Written by Herald-News
Northside Elementary School fourth- and fifth-graders give a cheer for the start of their first day back from summer vacation Monday, Aug. 24. The children pictured are from two classes, both with teachers that are new to the Wolf Point School District. The new teachers are pictured in the back in front of the doors. They are: Dezi Adams, fourth grade, who is from Wolf Point and taught in Arizona for several years; and Bobbie Munger, fifth grade, who relocated from Bozeman. (Photo by John Plestina)
Written by John Plestina
Frontier School District trustees adopted the final fiscal year 2015-2016 budget during a special meeting Monday, Aug. 24, one day in advance of the Aug. 25 state-imposed deadline.
Final adoption was delayed during the monthly school board meeting Tuesday Aug. 18, due to concerns by superintendent Christine Eggar that the totals might not have been correct.
She said the difference could change the amount of property tax home and business owners in the district pay.
The final adopted budget [total of all district funds] was $1,506,756. Before the recalculations, the total budget was presented at $1,630,309, a difference of $123,553.
The new calculations reduced bus depreciation from $164,522 to $72,225 and retirement from 151,200 to 119,993.
In other business during the special meeting, the board approved the admission of three out of district students, two in first grade and one in second.
The trustees also approved the renewal of the contract with Marianne Rees to renew her contract as athletic director.
In another matter, the board approved a rental housing contract with new district clerk Angela Hernandez, allowing her to move into a subsidized rental the district leases.
Written by John Plestina
With an unanticipated vacancy in the District 1 seat on the Roosevelt County Commission, applicants are sought for an appoint for an interim term.
Allen Bowker submitted his resignation from the commission Monday, Aug. 17, just over nine months after he was elected in November 2014. The resignation is effective Monday, Aug. 31.
Bowker, 52, of Culbertson was elected to a six-year term, defeating Frank Smith of Poplar 645-368 in the general election for the seat formerly held by Jim Shanks of Brockton, who did not seek another term.
District 1 covers the eastern part of the county from the east end of Poplar to the state line.
“I have been thinking about it for the past several months,” Bowker said. “Between my garbage business and the farm, I have bitten off too much.” Bow-ker owns Bowker Sanitation & Roll Off of Culbertson and a farm east of Culbertson.
“I wanted to get things done but I didn’t have enough time,” he said.
“Everybody on this end [of Roosevelt County] already knows. I pretty much spread the word around,” Bowker said.
He said he wanted to get roads improved on the east end of the county when he ran for the commission seat.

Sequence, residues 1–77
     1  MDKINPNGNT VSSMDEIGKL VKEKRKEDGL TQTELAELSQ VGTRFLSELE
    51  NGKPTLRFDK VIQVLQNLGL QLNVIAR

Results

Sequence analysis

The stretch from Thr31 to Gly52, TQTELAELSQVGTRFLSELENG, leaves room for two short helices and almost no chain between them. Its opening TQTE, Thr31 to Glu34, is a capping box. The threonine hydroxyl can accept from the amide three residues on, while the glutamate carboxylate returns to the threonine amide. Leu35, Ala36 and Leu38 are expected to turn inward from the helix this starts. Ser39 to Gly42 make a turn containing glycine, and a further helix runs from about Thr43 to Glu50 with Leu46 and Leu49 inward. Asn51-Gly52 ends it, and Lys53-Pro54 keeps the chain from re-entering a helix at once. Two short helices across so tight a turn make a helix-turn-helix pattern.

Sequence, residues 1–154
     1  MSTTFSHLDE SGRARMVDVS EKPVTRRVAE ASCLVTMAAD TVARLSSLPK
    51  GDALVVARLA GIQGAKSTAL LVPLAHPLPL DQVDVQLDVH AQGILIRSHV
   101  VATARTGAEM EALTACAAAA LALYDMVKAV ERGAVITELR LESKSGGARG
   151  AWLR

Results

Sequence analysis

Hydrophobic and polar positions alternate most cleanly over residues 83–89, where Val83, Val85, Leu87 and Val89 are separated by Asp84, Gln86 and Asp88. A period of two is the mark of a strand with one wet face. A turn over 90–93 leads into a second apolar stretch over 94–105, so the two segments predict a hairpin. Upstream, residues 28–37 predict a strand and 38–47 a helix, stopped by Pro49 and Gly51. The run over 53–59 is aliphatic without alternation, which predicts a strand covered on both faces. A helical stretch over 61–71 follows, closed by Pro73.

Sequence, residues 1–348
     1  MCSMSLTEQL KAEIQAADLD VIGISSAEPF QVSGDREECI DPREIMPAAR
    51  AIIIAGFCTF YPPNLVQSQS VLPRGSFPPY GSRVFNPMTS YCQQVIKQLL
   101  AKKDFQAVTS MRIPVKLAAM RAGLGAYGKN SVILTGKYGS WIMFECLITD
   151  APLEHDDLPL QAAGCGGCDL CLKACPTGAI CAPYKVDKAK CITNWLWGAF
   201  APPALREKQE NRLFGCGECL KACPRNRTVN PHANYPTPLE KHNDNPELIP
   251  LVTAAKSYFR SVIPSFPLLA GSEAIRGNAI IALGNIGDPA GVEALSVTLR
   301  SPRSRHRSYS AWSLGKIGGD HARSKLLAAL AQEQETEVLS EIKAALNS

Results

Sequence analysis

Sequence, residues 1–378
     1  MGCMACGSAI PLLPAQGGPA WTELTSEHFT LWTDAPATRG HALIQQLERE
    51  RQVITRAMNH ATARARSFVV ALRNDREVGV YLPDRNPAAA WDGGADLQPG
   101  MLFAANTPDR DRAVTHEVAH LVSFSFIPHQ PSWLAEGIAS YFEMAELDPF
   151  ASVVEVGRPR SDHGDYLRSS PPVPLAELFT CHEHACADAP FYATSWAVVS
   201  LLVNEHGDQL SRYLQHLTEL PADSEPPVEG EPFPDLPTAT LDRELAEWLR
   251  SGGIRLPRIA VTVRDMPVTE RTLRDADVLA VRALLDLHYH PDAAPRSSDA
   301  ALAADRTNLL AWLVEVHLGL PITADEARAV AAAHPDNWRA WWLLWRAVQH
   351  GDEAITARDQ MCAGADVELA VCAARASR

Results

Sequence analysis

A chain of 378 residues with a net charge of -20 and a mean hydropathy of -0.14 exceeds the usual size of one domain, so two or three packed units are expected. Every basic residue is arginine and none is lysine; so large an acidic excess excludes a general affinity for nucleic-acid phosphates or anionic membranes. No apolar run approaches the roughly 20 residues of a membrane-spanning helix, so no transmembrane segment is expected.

“I’m still looking forward to working with the commissioners down here on road issues,” Bowker said. “Just because I’m not a commissioner doesn’t mean I can’t work with them.”
Assistant County Attorney Jordan Knudsen said the person the commissioners appoint would serve through 2016. If the person appointed chooses to run for the seat, that individual would have to run for a four-year term [to complete Bowker’s six-year term] in the June 2016 primary and win the November 2016 general election.
Commission presiding officer Duane Nygaard said Bowker’s position will be advertised for two weeks. Interested persons will be interviewed and the commissioners will make an appointment on a undetermined date, likely in mid- or late September.
Written by John Plestina
It is not yet clear whether Wolf Point taxpayers will suffer sticker shock or just minor heartburn when new tax bills are mailed at the end of October.
One thing that is clear is a dire need to repair several streets, a lack of available funds and no grant monies currently available. Municipal officials want to double both the street and street maintenance assessments to fund street construction projects.
The proposal is to raise the assessment from $39.60 to $79.20.
Interstate Engineering of Nashua has prioritized proposed street projects and estimated costs.
The Wolf Point City Council scheduled a public hearing in City Hall Wednesday, Aug. 26, at 7 p.m., to provide more information about the final city budget, including street assessments, and to hear public comments.
The council is expected to adopt the full budget Monday, Aug. 30.
Roosevelt County and the Wolf Point and Frontier school districts adopt their own budgets. Taxes for all taxing entities appear on tax bills.
Wolf Point’s clerk/treasurer Marlene Mahlum said Thursday, Aug. 20, that a tax increase is expected, but she did not know how much.
She cited the needed repairs of city streets and the voter approval in November 2014 authorizing the county commissioners to issue and sell up to $11.86 million in general obligation bonds to be repaid within 20 years for a new county jail as possible drivers for a tax increase.
The current jail is outdated and under-sized for current needs. It does not meet current state and national jail standards.
Legal action brought by the American Civil Liberties Union in 2013 forced Roosevelt County to reduce the number of jail beds by nearly one half.
“They [tax bills] have to be mailed out by Oct. 31 because we have to give them 30 days [prior to due dates],” Roosevelt County treasurer Betty Romo said.
“I’m really hope people don’t see too bad of a sticker shock,” she said.
“I don’t know how the mills are going to relate to individual taxpayer’s properties,” Mahlum said. “The bottom line is the taxes are going to go up in Wolf Point.”
She said she does not foresee a large overall tax increase.
“There are no increases for water, sewer and garbage at this time,” Mahlum said.